Brave Girl Eating: A Family’s Struggle with Anorexia, by Harriet Brown

Imagine that you’re standing in a bakery. Not just any bakery—the best bakery in Paris, its windows fogged, crowded with people who jostle for space in front of its long glass cases. The room is fragrant and you can’t take your eyes off the rows of cinnamon rolls and croissants, iced petits fours, flaky napoleons and elephant ears.
And you’re hungry. In fact, you’re starving. Hunger is a tornado whirling in your chest, a bottomless vortex at your core. Hunger is a tiger sharpening its claws on your tender insides. You stand in front of the glass cases, trying to swallow, but your throat is dry and your stomach clenches and contracts.
You want more than anything to lick the side of an éclair, swirl the custard and chocolate against your tongue. You dream about biting off the end of a cruller, feeling the give of the spongy dough, the brief molecular friction of the glaze against your teeth, flooding your mouth with sweetness. The woman beside you reaches into a white paper bag, pulls out a hunk of sourdough roll. You see the little puff of steam that flares from its soft center. You breathe in the warm yeasty smell it gives off. She pops it into her mouth and chews and you chew along with her. You can almost taste the bread she’s eating. Almost.
But you can’t, not really, because how long has it been since you’ve tasted bread? A month? A year? An eternity. And though your stomach grinds against your backbone and your cheeks are hollow, though the tiger flays your belly, you can’t eat. You want to, you have to, but your fear is greater than your hunger. Because when you do—when you choke down a spoonful of plain yogurt, five pretzel sticks, a grape—that’s when the voice in your head starts up, a whisper, a cajoling sigh: You don’t need to eat, you’re strong, so strong. That’s right. Good girl.
Soon the whisper is a hiss filling the center of your head: You don’t deserve to eat. You’re weak, unworthy. You are disgusting. You don’t deserve to live. You, you, you. The voice is a drumbeat, a howl, a knife sunk in your gut, twisting. It knows what you’re thinking. It knows everything you do. It has always been inside you and it always will be. The more you try to block it out, the louder it becomes, until it’s screaming in your ear: You’re fat. You’re a fat pig. You make everyone sick. No one loves you and no one ever will. You don’t deserve to be loved. You’ve sinned and now you must be punished.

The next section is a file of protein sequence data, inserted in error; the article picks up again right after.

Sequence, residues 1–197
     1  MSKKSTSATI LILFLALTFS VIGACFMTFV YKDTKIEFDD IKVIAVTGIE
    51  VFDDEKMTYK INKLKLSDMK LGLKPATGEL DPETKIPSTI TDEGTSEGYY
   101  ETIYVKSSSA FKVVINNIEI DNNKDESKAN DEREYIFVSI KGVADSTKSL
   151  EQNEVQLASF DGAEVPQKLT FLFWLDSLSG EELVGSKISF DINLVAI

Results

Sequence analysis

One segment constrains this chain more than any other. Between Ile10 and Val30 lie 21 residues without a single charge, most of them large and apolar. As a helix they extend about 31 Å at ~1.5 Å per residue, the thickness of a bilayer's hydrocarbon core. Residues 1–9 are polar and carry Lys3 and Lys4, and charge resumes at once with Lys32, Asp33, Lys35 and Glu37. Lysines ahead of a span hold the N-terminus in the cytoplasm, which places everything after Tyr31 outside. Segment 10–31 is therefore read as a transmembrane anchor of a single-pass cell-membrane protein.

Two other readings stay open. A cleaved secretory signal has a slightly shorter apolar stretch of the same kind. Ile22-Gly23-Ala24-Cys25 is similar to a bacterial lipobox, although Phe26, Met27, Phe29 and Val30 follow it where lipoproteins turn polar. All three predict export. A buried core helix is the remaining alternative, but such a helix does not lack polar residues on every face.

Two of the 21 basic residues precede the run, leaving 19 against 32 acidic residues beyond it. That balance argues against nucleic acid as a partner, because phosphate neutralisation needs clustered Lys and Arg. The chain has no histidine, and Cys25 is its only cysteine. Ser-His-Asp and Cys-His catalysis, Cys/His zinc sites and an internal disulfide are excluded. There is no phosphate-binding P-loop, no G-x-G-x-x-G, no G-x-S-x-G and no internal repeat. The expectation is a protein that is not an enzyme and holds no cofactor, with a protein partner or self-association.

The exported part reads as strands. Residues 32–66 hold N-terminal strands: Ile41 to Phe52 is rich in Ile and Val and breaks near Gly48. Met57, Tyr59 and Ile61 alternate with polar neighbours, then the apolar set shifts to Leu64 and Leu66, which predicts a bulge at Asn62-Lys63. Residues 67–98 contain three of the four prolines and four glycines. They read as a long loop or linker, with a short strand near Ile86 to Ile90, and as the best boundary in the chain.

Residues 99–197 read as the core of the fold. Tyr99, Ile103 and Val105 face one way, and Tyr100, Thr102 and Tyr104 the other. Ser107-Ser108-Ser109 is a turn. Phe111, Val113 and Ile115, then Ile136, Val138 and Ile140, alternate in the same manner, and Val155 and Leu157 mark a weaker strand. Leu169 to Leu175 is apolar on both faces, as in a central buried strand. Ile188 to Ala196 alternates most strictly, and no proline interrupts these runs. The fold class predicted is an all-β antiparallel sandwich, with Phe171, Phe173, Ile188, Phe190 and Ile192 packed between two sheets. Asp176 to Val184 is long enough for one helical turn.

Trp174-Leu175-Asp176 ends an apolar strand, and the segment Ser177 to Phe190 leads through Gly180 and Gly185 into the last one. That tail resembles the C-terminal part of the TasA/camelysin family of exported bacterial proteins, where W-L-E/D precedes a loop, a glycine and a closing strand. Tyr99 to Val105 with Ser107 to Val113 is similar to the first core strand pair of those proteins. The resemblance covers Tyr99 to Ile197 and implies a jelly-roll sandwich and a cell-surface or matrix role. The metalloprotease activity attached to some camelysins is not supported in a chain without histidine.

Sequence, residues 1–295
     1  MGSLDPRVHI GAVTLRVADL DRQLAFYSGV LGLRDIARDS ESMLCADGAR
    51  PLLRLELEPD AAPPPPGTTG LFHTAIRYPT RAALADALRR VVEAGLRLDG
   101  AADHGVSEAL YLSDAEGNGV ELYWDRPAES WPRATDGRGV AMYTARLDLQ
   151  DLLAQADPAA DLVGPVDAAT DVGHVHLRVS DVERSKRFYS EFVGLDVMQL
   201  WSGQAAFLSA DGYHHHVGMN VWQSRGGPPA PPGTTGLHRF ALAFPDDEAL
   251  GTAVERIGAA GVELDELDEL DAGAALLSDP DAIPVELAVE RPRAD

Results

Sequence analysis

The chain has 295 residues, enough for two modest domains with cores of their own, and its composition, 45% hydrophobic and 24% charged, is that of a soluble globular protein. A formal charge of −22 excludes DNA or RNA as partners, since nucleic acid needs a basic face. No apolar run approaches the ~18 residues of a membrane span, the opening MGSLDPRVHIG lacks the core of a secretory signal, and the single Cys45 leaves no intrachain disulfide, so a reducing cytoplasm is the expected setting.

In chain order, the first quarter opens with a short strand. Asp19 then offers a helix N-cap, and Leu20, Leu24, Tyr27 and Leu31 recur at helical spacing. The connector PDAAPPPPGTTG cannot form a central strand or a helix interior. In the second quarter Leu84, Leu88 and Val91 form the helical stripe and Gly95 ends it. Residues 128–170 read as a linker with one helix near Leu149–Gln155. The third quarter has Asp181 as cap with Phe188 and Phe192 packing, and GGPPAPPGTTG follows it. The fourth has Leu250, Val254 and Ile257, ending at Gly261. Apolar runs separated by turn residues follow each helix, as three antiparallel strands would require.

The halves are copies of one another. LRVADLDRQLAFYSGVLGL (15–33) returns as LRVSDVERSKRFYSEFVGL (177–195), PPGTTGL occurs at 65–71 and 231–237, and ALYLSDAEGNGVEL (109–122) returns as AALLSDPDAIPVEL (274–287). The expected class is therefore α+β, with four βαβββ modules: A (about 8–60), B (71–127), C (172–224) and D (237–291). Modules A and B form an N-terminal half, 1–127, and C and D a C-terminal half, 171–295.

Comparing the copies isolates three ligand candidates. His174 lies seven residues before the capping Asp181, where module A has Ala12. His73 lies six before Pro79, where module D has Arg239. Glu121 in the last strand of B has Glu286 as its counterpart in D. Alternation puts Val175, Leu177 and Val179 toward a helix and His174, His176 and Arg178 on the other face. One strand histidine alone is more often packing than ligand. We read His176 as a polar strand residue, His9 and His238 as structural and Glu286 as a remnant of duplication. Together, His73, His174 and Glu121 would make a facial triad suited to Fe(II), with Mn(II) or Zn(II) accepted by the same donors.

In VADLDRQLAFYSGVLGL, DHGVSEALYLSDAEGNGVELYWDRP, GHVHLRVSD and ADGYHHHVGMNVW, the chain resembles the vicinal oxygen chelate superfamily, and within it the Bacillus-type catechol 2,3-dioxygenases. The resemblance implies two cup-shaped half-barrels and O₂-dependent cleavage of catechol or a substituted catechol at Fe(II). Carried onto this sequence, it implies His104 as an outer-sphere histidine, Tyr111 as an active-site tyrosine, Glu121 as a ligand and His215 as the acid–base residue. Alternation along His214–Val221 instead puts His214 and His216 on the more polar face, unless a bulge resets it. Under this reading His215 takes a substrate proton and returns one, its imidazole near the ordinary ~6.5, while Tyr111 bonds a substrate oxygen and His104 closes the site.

So you don’t eat, though food is all you think about. Though all day long, wherever you are—doing homework, sitting with friends, trying to sleep—part of you is standing in the bakery, mesmerized with hunger and with fear, the voice growling and rumbling. You have to stand there, your insides in shreds, empty of everything but your own longing. There will be no bread for you, no warm, buttery pastries. There’s only the pitiless voice inside your head, high-pitched, insistent, insidious. There’s only you, more alone than you’ve ever been. You, growing smaller and frailer. You, with nowhere else to go.
The voice is part of you now, your friend and your tormentor. You can’t fight it and you don’t want to. You’re not so strong, after all. You can’t take it and you can’t get away. You don’t deserve to live. You want to die.
This is what it feels like to have anorexia.
I’ve never had anorexia, but I’ve lived with it. I’ve observed it closely in someone I love: my oldest daughter, Kitty, who was 14 when she got sick. I watched as the upbeat, affectionate, empathetic girl I knew became furious and irrational, withdrawn and depressed, obsessed with food but unable to eat. I saw her writhe in terror, heard her beg my husband and me for help and then, in the same breath, shriek that we were trying to poison her, to make her fat, to kill her. I heard a voice I did not recognize come out of her mouth, saw her face changed beyond knowing. I held her in my arms and felt the arc of every rib, counted the bones in her elbows, saw her breastbone press out through the paper-thin skin of her chest. I felt her body shake and knew that whatever comfort I offered it wasn’t enough, it was nothing in the face of the thing that was stripping the flesh from her bones and the light from her eyes.
I had no idea anorexia was like that.

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